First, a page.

To avoid overweighting extreme observations in the regressions and flow-weighted portfolio construction, I filter out the top and bottom 5% of the new cash flow data and repeat all of the tests. The results are similar to those above. Another potential concern is that the flows of newly established funds are often larger within the first few months than the subsequent average level. Therefore, I recalculate portfolio returns by excluding the flow information in the first three months for all funds following their establishment. Again, the results are not materially altered. Moreover, the unexpected flows may be sensitive to the lagged periods in the Fama–Macbeth regression. Hence, the lagged periods are set to be 3, 6, 9, or 12 months. The results show that the number of lagged periods in the Fama-Macbeth regression does not influence the conclusion significantly. Alternatively, the pooled regression estimated by OLS is also used to compute the unexpected flows in Eq.(3). All major conclusions remain unchanged. To sum up, the results are robust to the classification of load and no-load funds, sample division into sub-periods, the exclusion of outliers, the number of lagged periods, and the estimation methods of unexpected flows.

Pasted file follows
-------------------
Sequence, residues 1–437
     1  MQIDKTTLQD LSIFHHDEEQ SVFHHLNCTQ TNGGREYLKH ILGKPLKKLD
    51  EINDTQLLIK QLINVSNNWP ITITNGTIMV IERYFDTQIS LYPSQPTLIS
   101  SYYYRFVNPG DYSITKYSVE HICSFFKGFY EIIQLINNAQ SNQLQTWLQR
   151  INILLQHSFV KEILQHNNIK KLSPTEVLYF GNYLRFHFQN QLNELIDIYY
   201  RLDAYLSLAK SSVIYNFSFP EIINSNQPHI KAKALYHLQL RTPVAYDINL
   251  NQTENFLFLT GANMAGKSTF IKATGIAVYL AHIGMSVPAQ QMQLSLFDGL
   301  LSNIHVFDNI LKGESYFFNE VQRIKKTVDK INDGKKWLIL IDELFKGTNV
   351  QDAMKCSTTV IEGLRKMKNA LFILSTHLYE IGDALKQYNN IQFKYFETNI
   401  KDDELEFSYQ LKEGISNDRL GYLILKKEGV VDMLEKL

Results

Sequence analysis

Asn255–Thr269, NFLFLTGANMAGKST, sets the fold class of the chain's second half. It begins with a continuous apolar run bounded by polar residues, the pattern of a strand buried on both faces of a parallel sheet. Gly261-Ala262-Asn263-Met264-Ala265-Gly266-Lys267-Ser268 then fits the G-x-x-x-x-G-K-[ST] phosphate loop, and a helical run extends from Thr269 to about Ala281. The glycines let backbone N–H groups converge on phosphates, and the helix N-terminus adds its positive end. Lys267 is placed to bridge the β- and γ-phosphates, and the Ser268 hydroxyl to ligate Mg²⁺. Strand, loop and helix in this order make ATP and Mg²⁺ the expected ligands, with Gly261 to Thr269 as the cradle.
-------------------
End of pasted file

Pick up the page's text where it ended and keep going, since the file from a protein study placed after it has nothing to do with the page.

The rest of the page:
7. Conclusion

The term smart money in mutual fund literature has come to be associated with the ability of investors to identify future superior performers from a group of comparable funds. Following previous studies, this paper further asks two questions: Where are these smart investors? Why are they smart?

Using all domestic equity funds as a sample, this paper reveals that the smart investors can be identified in top-performing small funds, even after controlling for the momentum factor argued bySapp and Tiwari (2004). This finding demonstrates the importance of using a double partition along the size and performance dimensions in the identification of the smart money effect. Furthermore, this finding implies that smart investors have undiscovered skills with respect to earning significant abnormal returns rather than simply chasing the winner to unwittingly benefit from the momentum profit. The timing models demonstrate that the smart investors possess market-timing ability. The risk-adjusted returns earned by investing in the top-performing small funds become insignificant after including the timing factors. Specifically, both smart investors from momentum-style investors can identify superior funds; however, smart investors purchase and sell these funds in a timely manner. The different trading times distinguish smart investors from pure momentum-style investors.